Third try for Haliburton Village condo development
|By Mark Arike - Staff Writer | July 14, 2016
A proposed condominium project for Haliburton is going from 44 to 83 units.
It also has a new name—One Sunnyside.
But the principals behind the development say not much else has changed.
“It’s essentially the same as the previous proposal,” said builder Peter Schoettle, who was joined by his partner Stephen Lee of Emerald Waters.
They met with Dysart councillors during a special meeting on Wednesday to review renderings of the project located at 1 Sunnyside St. Almost a year ago, Stephen Mak, owner of an architectural firm in Toronto, presented his plans to build Bluewater, a four-storey condo on the very same property. It is directly across the road from Granite Cove, one of two existing condo developments in Haliburton.
But it didn’t come to fruition because he couldn’t get financing, according to consultant Sharon Snitman.
Well before he arrived, about eight years ago, a 150-unit development known as Watercolours was in the works under Mady Development. In 2013, the Toronto-based company put the property up for sale for $1.95 million when it “no longer fit” with their corporate strategy.
The 3.68-acre property is currently listed for less than $1.4 million. The increase in units from the previous
proposal was necessary to make the project feasible, said Schoettle in an interview.
“It has to do with the amenities space that we’re providing,” he said.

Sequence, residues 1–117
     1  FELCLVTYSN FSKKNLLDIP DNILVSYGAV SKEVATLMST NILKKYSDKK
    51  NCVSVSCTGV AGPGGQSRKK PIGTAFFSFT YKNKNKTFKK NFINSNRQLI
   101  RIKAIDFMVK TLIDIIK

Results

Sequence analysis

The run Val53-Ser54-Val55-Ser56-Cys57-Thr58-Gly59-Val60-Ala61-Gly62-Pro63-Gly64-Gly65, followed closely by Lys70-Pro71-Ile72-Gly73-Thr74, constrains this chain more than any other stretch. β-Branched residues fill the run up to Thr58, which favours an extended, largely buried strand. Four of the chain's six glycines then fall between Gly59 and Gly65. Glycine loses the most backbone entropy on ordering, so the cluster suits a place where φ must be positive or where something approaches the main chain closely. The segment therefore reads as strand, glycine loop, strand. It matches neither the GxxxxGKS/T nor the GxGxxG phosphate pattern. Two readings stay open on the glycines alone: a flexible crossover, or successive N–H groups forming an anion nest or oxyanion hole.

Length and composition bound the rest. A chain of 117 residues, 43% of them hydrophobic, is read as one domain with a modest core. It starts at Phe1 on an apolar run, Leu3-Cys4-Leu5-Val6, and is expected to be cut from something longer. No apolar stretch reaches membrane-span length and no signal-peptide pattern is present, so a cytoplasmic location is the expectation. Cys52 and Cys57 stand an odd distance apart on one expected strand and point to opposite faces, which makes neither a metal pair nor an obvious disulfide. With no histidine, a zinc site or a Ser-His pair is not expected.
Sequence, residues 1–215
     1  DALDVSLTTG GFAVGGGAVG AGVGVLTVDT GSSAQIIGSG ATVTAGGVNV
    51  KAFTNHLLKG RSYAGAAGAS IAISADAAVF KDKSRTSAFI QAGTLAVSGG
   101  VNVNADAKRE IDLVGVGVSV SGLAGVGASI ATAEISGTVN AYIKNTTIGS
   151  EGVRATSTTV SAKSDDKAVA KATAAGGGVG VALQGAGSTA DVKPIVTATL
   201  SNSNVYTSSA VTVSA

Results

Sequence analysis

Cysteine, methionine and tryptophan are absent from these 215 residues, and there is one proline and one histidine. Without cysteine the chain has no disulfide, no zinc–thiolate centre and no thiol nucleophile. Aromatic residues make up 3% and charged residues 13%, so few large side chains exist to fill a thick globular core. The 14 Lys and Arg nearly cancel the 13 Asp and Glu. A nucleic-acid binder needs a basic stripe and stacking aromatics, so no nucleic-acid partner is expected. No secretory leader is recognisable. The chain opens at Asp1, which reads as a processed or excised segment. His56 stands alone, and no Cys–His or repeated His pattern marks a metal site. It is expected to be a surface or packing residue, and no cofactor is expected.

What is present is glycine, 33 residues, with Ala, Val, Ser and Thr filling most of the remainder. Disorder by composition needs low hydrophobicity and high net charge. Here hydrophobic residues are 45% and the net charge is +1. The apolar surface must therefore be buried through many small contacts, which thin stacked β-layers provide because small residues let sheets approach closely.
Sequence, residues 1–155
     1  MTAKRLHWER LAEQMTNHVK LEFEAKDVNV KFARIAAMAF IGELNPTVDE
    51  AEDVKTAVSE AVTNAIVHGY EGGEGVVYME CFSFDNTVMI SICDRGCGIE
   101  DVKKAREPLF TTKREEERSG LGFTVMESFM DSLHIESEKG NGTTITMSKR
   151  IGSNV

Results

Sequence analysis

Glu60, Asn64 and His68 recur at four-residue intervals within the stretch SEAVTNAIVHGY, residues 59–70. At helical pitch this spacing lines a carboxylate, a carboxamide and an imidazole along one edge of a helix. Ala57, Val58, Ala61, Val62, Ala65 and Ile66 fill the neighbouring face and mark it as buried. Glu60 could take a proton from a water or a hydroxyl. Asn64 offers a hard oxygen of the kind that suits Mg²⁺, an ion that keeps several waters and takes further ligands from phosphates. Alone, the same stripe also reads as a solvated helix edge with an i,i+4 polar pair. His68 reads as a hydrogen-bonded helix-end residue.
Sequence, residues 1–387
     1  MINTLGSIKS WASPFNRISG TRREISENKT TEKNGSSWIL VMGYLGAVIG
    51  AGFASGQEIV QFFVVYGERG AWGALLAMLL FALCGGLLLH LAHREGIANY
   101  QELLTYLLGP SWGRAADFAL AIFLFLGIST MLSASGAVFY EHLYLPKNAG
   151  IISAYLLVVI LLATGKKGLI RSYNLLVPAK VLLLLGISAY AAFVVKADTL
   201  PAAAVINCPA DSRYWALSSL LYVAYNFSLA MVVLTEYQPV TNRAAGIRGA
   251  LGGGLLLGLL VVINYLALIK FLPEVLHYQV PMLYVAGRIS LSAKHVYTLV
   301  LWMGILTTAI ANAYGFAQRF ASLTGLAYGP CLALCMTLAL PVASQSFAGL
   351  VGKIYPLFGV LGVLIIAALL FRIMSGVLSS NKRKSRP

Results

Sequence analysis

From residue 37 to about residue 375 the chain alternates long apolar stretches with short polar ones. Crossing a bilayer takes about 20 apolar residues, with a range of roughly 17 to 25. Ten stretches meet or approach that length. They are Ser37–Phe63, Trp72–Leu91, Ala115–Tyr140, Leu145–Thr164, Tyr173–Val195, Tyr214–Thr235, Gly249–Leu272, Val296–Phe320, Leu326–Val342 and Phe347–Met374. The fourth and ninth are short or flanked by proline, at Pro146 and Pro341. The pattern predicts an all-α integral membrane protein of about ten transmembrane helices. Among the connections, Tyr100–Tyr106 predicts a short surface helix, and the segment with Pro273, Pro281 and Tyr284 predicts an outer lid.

The development will feature a 3,500 sq. ft. lake view “Art of Living Centre” for activities and exercise classes. A lap pool will also be part of the amenities.
“The amenities (are) the full complement of the amenities we had at Watercolours,” Snitman told council.
The units will start at 750 sq. ft. and are expected to exceed 1,100 sq. ft. Each will face Head Lake.
Prices have not yet been set, said real estate agent Mark Dennys.
The price range for Bluewater was between $270,000 and $400,000.
“They will be comparable,” said Snitman, who explained the target market will be Haliburton residents and those in the
Greater Toronto Area.
The cost to build is yet to be determined, said Schoettle.
They plan to use local materials and the architects, Quadrangle Architects Limited, have considered the surrounding
environment in their design.
“The architects designed the building so that it wouldn’t look institutional,” he said.
“They’ve used angles ... just to soften it and so that it fits in to the landscape better.”
There are 84 covered parking spaces and 17 spaces for visitors.
“I think it looks pretty good,” said Councillor Derek Knowles.
Reeve Murray Fearrey was also impressed by what he saw.
“This is by far the best we’ve seen,” said Fearrey.
In order to obtain a site plan, the developers must now complete numerous studies and working drawings. They intend to work within the current zoning restrictions. A zoning bylaw amendment isn’t necessary.
They will tear down the old Fleming College building, which has been sitting vacant for years.
Schoettle expects to start this fall, but planning director Pat Martin reminded him that a lot of work has to be done.
“I would say even 2017 would be even ambitious,” she said.
The developers stayed after the meeting to answer questions from those in attendance, including members of the public.
Councillors Walt McKechnie, Tammy Donaldson and Susan Norcross were not in attendance.
MARK ARIKE is a reporter for The Highlander.